No doubt a homemaker’s contribution to a family’s existence and well-being is ‘priceless’. However, it is certainly not ‘valueless’.
Kamaladevi Chattopadhyay observed: “to state blandly that woman produces children and rears them, cooks food, cleans, washes, is not enough…the housewife is as much of a working woman as a factory worker. She expends more energy and time and skill in the production of commodities than the unionised, legally protected worker, for her hours are unlimited and her tools countless.”
Amartya Sen and Martha Nussbaum’s ‘Capabilities Approach’ enunciates that a human life which is devoid of essential values like a decent standard of living, bodily health, bodily integrity, affiliation, play et cetera is not a life worthy of human dignity.
This approach focuses on actual human lives and can be used to determine what a Universal Basic Income (UBI) type ‘grant’ could do to expand the homemakers’ substantive freedoms and capabilities.
In all likelihood, with a regular cash grant at her disposal, a homemaker would ‘be able to be and to do’ what she values ‘being and doing’. This is the minimum level of social entitlement that a just society should distribute among its homemakers. The government would ultimately leave it to the homemaker to decide how she wants to use it.
Such a grant could alleviate many families out of poverty which have a male as the sole earning member and who might have lost his job, particularly amidst the pandemic.
Further, women are known for being intelligent, efficient and fair in planning out monthly family budgets and allocating resources among the members.
Benefits Of A Grant For Homemakers
Undoubtedly, some homemaker’s would put the ‘social dividend’ to their personal use or for their children’s consumption which many would term as ‘wasteful expenditure’. However, to a great extent, it would free women from the continuous cycle of dependency on the male members of the family, empower them and reinforce their individuality, agency and voice.
Whilst some women would consider the grant as a ‘launchpad’ to start a small business from saving and investing in an asset like a sewing machine to make and sell clothes. Still others may consider the sum of money as a ‘cushion’ to address future contingencies.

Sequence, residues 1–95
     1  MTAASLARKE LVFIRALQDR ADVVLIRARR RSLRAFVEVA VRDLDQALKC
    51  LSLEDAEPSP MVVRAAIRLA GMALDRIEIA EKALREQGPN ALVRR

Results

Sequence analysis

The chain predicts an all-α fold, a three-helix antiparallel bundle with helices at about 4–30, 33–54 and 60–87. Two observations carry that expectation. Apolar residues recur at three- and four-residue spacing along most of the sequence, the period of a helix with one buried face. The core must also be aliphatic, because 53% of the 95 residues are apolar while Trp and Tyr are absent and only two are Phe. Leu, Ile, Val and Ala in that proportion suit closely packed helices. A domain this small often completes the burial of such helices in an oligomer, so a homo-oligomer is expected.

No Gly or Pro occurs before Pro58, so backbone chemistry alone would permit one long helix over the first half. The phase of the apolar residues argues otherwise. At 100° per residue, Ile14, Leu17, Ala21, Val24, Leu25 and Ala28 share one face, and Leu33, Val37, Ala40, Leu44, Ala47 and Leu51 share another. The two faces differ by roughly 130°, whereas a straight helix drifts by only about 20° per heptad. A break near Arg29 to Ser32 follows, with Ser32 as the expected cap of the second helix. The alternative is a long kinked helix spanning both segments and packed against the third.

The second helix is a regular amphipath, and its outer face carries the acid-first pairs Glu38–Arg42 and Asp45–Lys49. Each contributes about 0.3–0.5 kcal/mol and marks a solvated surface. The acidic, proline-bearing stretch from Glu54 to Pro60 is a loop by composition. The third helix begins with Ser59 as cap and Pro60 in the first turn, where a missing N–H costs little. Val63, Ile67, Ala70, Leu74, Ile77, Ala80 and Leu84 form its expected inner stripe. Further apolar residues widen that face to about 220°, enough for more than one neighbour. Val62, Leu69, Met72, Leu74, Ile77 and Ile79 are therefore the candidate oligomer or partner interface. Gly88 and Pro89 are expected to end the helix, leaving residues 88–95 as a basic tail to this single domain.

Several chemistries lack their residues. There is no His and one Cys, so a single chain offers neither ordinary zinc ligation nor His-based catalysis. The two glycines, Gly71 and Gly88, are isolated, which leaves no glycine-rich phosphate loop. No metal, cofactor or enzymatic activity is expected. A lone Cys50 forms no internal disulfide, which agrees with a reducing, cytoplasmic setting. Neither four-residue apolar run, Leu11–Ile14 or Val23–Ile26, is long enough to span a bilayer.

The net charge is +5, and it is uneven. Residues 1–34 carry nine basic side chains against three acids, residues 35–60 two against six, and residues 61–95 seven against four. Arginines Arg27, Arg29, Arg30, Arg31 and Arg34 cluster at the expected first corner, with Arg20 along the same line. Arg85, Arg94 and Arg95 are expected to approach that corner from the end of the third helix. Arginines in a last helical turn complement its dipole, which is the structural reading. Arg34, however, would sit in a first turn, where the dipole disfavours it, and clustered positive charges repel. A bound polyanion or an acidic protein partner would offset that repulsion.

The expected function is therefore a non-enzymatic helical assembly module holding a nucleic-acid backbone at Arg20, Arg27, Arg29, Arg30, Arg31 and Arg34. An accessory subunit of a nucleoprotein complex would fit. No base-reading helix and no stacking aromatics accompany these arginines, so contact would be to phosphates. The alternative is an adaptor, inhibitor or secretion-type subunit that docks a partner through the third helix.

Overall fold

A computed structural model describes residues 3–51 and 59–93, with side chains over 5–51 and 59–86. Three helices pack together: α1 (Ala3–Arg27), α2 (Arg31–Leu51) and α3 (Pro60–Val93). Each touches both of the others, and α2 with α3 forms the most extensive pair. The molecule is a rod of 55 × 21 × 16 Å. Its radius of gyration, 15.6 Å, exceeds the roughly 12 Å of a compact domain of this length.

The homemaker’s grant would enable women to dictate terms and catalyse behavioural changes among the wayward habits of men like consuming alcohol and gambling.
Belgian political philosopher Philippe Van Parijs has reasoned that a UBI type grant is bound to benefit women because it offers ‘financial protection’ to those who want to liberate themselves from the ‘tyranny of husbands’ and abusive relationships.
Similar findings were resonated in a series of pilot studies conducted by Self- Employed Women’s Association (SEWA), Ahmedabad in 2009 when it directly transferred cash into the bank accounts of the eldest women members belonging to families under study. The homemaker’s grant would not just expand the women’s material freedoms but make a huge difference to their overall position and role within the family and society.
In unequivocal terms Kamaladevi proclaimed: “for it is time society realised that every housewife supports herself though she may not scratch at a desk or run a machine, by the social labour she performs and the contribution she makes towards the maintenance of the home and its happiness.”
Ironically, it has taken men like Haasan, Tharoor and the three Supreme Court judges to rekindle the dialogue on UBI for homemakers.
(Prerna Dhoop is a human rights lawyer based in Kolkata and Vandana Dhoop is an independent research consultant. This is an opinion piece, and the views expressed are the author’s own. The Quint neither endorses nor is responsible for them.)